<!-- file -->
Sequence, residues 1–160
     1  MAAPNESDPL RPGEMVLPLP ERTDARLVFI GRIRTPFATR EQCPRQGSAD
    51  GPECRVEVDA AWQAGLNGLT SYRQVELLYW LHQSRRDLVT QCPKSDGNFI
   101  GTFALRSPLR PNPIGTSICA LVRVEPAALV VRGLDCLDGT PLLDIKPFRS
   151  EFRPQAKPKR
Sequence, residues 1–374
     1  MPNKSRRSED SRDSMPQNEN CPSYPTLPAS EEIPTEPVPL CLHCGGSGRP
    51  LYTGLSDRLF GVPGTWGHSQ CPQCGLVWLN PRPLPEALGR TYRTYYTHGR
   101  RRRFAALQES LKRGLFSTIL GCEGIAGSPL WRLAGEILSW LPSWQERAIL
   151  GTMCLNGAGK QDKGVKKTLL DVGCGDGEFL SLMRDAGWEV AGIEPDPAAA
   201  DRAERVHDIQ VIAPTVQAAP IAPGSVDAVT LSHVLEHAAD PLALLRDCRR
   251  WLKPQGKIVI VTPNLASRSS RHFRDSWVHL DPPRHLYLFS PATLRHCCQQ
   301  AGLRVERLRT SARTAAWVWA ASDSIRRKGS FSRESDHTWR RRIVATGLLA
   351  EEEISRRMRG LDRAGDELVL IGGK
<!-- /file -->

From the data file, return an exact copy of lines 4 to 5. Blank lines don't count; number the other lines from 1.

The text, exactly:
   101  GTFALRSPLR PNPIGTSICA LVRVEPAALV VRGLDCLDGT PLLDIKPFRS
   151  EFRPQAKPKR